Whatever the genre, house concerts tend to be smoke-free environments: ‘‘A huge plus,” as Broome says.

They also tend to feature performers that folk fans want to see.

‘‘We don’t even have to think,” says Lester Reingold, a folk enthusiast from Silver Spring. ‘‘We know if Scott and Paula have booked the act, we’ll enjoy it.”

That’s what Cheryl Kagan says.

‘‘We only have ‘folkin’ great’ people here,” she says. ‘‘That’s the promise we make: If you like our taste in music, you can trust us every time.”

Kagan says performers come by invitation only; she and Spitzer, like most house music hosts, spend considerable time at folk festivals, like Falcon Ridge in New York and the Memphis Folk Alliance, looking for fresh talent.

That’s what audiences count on; at the Mooreshouse, ( some fans have come from as far away as North Carolina to see the band, which on this particular night happens to be Red Molly. Some are neighbors; some are regulars. Everyone is acknowledged and made to feel at home.

Scott Moore takes the stage before the trio gets on and asks, ‘‘Who’s here for the first time?”

A scattering of hands go up.

There are veterans here, too. Some remember the very first Moore Music house concert nearly 10 years ago.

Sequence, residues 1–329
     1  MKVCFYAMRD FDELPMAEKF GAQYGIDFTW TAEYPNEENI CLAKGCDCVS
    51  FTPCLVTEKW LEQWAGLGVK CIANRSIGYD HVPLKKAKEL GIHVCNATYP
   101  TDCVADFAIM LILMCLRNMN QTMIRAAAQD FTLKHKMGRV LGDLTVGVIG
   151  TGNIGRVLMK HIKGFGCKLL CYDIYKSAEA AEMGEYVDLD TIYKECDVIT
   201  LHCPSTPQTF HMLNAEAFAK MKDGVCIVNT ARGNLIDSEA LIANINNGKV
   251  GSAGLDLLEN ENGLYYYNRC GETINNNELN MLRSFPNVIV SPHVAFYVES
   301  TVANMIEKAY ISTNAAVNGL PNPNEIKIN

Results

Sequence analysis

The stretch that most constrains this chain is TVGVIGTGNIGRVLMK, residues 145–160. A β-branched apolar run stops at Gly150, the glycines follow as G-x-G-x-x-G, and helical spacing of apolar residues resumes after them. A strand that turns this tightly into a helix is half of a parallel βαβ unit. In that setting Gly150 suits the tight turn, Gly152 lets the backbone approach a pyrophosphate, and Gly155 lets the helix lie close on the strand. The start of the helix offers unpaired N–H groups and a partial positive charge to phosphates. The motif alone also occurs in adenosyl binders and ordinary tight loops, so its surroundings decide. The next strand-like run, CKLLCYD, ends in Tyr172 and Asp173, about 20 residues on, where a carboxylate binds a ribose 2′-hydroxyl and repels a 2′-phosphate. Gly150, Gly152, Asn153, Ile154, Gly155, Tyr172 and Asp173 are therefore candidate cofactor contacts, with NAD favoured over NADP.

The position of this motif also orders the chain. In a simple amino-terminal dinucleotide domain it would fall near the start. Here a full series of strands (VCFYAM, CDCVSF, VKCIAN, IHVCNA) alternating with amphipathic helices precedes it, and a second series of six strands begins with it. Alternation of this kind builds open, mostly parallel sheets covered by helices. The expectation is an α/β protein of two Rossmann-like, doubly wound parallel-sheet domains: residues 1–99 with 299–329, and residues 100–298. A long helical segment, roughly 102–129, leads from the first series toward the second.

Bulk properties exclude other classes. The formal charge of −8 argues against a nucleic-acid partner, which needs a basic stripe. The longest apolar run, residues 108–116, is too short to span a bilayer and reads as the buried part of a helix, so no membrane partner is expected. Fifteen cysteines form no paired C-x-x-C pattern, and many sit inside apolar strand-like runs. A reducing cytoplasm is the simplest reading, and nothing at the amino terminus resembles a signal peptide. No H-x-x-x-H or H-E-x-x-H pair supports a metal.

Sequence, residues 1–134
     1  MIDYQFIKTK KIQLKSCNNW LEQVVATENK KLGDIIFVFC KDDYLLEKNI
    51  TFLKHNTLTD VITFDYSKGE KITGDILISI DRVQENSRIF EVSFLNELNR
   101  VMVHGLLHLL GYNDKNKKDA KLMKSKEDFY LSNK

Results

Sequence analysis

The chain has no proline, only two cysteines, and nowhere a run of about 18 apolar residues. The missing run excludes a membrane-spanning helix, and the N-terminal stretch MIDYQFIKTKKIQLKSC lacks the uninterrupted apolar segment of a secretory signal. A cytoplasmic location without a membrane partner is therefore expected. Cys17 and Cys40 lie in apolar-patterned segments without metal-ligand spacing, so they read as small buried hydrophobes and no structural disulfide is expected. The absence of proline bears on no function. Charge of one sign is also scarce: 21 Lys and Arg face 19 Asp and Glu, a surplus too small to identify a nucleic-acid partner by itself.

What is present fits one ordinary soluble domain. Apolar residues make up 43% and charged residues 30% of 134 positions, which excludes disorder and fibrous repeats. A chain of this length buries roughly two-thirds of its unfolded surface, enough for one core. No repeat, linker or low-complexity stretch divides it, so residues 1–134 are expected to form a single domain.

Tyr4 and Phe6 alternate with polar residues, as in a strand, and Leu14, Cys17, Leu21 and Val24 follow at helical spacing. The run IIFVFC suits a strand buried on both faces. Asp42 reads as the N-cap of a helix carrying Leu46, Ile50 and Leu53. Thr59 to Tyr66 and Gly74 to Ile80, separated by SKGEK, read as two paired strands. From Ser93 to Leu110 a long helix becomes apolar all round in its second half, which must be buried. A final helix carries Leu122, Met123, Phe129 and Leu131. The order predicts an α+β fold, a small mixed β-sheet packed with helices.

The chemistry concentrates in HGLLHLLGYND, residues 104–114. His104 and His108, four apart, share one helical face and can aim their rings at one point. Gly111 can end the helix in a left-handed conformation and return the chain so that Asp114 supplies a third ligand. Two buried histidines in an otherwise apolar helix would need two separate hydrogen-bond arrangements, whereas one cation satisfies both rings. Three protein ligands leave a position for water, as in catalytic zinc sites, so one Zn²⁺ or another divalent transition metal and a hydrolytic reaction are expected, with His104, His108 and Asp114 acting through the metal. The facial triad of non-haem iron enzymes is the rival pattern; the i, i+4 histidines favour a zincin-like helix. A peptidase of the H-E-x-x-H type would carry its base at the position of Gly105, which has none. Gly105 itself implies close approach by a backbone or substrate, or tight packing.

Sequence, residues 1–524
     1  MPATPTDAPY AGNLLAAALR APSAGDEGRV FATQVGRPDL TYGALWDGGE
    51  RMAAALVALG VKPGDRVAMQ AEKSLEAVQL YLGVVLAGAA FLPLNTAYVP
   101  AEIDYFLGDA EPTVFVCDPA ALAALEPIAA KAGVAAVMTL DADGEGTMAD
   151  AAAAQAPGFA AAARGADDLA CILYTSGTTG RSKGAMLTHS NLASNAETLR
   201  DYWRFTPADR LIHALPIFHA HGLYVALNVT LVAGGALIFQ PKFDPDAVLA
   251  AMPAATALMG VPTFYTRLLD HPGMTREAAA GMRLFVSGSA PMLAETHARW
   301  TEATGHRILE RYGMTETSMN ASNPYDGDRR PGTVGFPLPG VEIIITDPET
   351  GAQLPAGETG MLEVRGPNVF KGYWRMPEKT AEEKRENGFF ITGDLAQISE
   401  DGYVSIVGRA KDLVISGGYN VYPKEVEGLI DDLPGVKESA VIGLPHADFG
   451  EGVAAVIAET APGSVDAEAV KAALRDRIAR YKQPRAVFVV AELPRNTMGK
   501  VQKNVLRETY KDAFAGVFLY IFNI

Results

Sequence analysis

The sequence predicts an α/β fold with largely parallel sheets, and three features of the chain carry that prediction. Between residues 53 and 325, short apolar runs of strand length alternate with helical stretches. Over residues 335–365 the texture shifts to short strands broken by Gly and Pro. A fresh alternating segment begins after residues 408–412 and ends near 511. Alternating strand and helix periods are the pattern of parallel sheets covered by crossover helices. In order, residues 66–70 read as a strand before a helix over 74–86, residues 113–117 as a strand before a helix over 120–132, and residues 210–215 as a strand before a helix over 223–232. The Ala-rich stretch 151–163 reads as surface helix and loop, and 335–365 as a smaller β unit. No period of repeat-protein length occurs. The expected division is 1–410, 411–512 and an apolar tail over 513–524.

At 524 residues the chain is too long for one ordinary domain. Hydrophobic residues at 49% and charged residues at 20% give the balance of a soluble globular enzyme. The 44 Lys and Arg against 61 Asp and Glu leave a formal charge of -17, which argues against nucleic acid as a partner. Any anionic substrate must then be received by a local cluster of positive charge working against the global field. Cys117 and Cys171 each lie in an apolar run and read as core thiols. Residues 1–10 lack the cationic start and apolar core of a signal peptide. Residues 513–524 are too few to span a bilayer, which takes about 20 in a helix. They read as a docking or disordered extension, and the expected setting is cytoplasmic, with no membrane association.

Red Molly is a roots Americana trio, pretty performers who could give the Dixie Chicks a run for their money with their soaring train-whistle harmonies, bluesy guitar licks and smart in-between-song banter.

‘‘So many dead people — it must be a folk song,” sighs Laurie MacAllister.

‘‘Yeah,” deadpans Carolann Solebello. ‘‘You could take a body count from our set list.”

They sing about coal miners and bein’ done wrong and the long ride home, and it’s hard not to think about Hank Williams and Patsy Cline and Emmylou Harris — until they break into a riff from ‘‘Cat Scratch Fever.” Before you know it, you’re thinking about REM and Mark Knopfler and Patty Griffiths, too — and mostly Red Molly. They’re really, really good.

For awhile, this could have been a party on a Saturday night at anyone’s house, but now the sounds of guitars, banjos and mandolins fill the air and it can only be, well, a house concert.

A nice addition to any home.

Copyright 2007 Post-Newsweek Media, Inc./Gazette.Net